Modernisation of Japan during the Meiji Restoration.

Essay by Luke McClureHigh School, 12th gradeA, January 2004

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"In achieving such a rapid and total modernisation, how much did Japan owe to Western Examples, and how much to its own resources and initiative?"

In achieving such a rapid and total modernisation, Japan owed much of its success to Western Examples which were greatly used in their economic, social and political modernisation during the revolutionary Meiji restoration period, which marked the deliberate transformation by Japan and it's leaders in response to the threat posed by the West. Because of Japan's use of Western examples, they were able to adopt Western ideas, traditions, cultures and values into their society and were hence able to modernise in a very short period of time so they were not forever at the mercy of Western demands. Although Japan owed much of its modernisation to Western Examples, they were able to enforce them within Japan using their own resources and initiative, and the transformation of Japan signaled their entry into the international world.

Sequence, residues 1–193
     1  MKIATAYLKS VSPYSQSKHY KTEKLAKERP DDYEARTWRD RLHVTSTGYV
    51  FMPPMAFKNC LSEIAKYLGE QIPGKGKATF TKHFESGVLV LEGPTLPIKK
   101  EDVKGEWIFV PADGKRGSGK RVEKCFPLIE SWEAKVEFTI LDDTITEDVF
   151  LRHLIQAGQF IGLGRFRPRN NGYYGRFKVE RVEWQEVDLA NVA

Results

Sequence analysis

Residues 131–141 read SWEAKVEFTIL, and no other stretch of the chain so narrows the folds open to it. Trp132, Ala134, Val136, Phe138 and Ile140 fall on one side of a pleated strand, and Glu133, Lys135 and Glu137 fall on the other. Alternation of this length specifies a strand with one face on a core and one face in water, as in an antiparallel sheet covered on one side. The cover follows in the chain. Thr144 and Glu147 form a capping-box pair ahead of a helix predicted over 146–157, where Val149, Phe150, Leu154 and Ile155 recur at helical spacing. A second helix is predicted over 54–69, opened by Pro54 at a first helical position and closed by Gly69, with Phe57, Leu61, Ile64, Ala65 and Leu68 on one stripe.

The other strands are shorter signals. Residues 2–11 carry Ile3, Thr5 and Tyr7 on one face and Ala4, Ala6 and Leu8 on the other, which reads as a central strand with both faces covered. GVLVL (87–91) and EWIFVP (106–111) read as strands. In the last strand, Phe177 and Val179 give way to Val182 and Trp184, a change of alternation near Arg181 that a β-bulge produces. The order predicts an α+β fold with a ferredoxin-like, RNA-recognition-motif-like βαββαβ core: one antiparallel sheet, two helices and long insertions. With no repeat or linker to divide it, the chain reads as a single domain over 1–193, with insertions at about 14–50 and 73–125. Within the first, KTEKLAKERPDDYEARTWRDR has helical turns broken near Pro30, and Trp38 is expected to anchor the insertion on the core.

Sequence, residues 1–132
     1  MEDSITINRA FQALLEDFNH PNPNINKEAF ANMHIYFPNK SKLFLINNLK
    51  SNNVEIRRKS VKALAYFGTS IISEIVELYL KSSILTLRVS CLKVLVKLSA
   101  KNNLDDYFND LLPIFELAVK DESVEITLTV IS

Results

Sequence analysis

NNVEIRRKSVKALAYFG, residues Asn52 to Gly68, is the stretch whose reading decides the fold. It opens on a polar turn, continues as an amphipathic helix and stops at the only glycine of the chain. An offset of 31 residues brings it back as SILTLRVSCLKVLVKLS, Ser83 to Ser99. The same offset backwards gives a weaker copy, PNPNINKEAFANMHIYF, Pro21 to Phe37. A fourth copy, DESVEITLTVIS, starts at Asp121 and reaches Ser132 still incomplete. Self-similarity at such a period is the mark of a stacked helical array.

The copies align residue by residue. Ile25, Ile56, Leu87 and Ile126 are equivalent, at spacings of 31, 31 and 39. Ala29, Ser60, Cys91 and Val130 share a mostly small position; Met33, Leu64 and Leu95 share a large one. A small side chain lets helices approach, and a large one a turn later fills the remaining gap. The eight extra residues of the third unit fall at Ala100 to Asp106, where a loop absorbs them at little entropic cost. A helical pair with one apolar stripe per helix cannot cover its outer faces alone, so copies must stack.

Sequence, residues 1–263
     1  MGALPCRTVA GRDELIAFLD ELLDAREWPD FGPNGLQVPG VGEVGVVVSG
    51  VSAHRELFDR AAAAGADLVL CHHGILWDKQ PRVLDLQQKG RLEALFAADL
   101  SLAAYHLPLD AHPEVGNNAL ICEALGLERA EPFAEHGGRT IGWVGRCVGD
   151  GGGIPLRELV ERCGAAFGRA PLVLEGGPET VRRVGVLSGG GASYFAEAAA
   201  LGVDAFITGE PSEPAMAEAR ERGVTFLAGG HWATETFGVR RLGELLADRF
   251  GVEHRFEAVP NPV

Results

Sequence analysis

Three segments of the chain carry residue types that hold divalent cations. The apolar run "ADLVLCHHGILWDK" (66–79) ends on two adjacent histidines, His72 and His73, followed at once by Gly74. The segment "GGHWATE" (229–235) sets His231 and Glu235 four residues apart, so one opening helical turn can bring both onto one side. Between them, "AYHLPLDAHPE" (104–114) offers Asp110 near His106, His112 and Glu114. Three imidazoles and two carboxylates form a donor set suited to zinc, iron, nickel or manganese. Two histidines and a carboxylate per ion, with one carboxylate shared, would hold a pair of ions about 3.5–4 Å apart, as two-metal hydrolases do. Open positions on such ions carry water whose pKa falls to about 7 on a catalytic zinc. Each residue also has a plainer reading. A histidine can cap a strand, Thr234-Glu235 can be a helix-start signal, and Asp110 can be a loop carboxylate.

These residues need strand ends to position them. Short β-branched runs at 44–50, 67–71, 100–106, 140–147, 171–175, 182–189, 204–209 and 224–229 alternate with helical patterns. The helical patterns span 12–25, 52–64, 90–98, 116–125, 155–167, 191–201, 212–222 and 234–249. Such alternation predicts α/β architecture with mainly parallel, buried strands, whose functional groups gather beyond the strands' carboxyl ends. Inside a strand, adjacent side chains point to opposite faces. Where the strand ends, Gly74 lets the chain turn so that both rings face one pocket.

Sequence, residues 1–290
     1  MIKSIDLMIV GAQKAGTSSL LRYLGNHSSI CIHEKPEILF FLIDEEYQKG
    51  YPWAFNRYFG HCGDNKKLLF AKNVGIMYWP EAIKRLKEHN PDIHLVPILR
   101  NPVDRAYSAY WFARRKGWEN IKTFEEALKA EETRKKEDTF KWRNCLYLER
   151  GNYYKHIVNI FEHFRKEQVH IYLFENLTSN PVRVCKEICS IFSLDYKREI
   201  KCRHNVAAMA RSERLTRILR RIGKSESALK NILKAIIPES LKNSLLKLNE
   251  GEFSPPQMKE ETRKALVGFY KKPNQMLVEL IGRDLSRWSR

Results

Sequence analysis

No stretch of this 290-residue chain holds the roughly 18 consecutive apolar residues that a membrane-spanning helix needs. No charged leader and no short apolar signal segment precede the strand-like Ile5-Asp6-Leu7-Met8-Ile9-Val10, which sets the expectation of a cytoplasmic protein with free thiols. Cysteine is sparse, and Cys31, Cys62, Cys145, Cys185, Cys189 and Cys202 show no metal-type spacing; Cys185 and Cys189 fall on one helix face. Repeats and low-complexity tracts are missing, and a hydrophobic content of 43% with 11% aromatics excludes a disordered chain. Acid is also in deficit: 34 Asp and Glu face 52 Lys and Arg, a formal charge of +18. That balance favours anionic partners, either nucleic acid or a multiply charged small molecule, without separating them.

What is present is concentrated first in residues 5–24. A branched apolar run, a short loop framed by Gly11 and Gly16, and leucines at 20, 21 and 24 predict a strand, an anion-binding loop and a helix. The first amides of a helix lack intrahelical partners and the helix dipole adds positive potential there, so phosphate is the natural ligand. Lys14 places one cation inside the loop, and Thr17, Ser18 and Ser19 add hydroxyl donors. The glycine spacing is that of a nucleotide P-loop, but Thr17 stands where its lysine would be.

The beginning of the modernisation period began with the establishment of the Meiji Government and start of the Meiji Restoration in 1868. Japan went from tradition to modernity or from a Confucian world-view to a modern, secular, rational and scientific world-view, as Japan saw that all things modern are by definition Western. The ancient Chinese ideal of "Enriching the country; strengthening the military" became the goal of the Meiji Government so that Japan "could find a place among the aggressors instead of among the victims of aggression" and they adopted an "all or nothing" style of modernisation based upon Western Examples.

One aspect of Japan which was modernised based on Western examples and enforced using their own initiative was the economic development which took place during the Meiji Restoration period. In 1868 Japan was a non-industrialised country, with three quarters of...